According to new guidelines adopted by the IOC, transgender athletes should be able to compete in the Olympics and other international events without undergoing sex reassignment surgery.
Medical officials for the International Olympic Committee said on Sunday that they updated the policy to adapt scientific and legal attitudes on transgender issues.
However, IOC’s guidelines are meant as recommendations, not as rules or guidelines for international sports federations and bodies, and should apply to this year’s Olympic games.
Dr Richard Budgett, IOC medical director, had this to say: “I don’t think many federations have rules on defining eligibility of transgender individuals. This should give them the confidence and stimulus to put these rules in place.”
The previous IOC guidelines, which were approved back in 2003, stated that athletes who transition from female to make or vice versa were required to have gender reassignment surgery and two years of hormone therapy in order to be eligible.
Under the new guidelines, surgery will no longer be required and female-to-male transgender athletes will be eligible to take part in in men’s competitions “without restrictions”.
As for male-to-female athletes, they will need to demonstrate that their testosterone level has been below a certain cutoff point for at least one year in order to compete.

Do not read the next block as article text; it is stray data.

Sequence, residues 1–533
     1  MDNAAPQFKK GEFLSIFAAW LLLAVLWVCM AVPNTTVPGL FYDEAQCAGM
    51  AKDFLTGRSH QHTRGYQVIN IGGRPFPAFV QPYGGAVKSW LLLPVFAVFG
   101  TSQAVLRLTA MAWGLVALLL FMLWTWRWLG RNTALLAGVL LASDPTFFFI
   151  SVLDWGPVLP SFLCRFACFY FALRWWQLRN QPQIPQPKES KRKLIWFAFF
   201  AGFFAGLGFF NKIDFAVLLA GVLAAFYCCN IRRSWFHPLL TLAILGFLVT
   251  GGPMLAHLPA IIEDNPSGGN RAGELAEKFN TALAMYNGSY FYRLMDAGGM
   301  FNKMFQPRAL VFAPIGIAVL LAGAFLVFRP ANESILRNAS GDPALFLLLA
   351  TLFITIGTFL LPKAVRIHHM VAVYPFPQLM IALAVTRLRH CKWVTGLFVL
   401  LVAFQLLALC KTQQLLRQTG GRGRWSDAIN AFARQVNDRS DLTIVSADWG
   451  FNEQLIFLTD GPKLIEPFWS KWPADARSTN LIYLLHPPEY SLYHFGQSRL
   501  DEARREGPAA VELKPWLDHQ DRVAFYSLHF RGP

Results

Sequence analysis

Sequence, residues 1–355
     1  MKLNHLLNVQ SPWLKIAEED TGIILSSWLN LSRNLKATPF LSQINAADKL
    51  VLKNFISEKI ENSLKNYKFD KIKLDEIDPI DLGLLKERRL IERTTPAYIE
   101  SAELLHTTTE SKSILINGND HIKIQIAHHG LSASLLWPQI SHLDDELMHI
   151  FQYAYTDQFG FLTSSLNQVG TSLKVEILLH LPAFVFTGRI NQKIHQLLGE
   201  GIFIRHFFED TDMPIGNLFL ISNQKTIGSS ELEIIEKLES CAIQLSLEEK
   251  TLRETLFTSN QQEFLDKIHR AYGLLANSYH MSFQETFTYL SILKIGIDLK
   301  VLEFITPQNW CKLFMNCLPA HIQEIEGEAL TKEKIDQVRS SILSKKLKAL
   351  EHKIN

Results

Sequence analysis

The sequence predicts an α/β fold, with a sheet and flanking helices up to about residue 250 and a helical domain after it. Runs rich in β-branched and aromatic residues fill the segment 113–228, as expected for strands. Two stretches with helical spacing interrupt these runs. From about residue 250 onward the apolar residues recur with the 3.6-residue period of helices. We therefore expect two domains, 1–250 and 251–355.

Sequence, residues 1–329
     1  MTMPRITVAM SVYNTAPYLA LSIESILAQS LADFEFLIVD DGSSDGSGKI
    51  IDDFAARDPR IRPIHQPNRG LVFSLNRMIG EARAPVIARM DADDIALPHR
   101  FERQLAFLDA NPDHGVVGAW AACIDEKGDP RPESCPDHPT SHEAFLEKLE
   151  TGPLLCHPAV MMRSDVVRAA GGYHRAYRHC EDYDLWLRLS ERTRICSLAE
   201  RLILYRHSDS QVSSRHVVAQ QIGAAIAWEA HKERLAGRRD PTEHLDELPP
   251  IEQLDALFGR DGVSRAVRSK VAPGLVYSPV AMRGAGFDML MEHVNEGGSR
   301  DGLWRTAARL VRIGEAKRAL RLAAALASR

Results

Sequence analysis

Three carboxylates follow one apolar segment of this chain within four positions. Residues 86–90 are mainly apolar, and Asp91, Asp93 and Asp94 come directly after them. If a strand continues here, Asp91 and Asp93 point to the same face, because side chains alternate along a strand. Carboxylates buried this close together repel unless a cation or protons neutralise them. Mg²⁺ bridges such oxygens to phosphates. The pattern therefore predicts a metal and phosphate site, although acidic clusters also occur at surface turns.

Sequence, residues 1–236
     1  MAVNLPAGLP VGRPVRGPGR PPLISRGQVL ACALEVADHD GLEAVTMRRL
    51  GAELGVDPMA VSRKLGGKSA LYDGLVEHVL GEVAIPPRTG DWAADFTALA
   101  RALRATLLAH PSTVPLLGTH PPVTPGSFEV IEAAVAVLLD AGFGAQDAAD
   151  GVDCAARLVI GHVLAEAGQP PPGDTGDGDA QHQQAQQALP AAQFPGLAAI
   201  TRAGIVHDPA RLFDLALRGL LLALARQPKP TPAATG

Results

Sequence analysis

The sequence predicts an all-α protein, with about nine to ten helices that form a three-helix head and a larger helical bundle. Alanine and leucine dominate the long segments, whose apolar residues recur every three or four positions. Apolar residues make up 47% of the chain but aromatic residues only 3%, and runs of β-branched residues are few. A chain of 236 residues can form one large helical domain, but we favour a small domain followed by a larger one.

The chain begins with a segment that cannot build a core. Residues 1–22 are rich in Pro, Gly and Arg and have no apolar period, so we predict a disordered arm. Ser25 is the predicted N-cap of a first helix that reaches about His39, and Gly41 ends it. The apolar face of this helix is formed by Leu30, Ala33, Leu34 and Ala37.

The IOC says in a PDF they posted outlining the guidelines: “It is necessary to ensure insofar as possible that trans athletes are not excluded from the opportunity to participate in sporting competition. The overriding sporting objective is and remains the guarantee of fair competition. To require surgical anatomical changes as a precondition to participation is not necessary to preserve fair competition and may be inconsistent with developing legislation and notions of human rights.”
Arne Ljungqvist, Former IOC medical commission chairman, was among the experts who drafted the new guidelines, and he said that the consensus was driven by political and societal changes.
When speaking to the Associated Press, he said: “It has become much more of a social issue than in the past. We had to review and look into this from a new angle. We needed to adapt to the modern legislation around the world. We felt we cannot impose a surgery if that is no longer a legal requirement.”
“Those cases are very few, but we had to answer the question. It is an adaptation to a human rights issue. This is an important matter. It’s a trend of being more flexible and more liberal.”
The IOC finished up by saying: “To avoid discrimination, if not eligible for female competition, the athlete should be eligible to compete in male competition.”
Check out the PDF for their full statement and guidelines. These guidelines seem more than fair, and ensure no discrimination to athletes but also fairness in competition.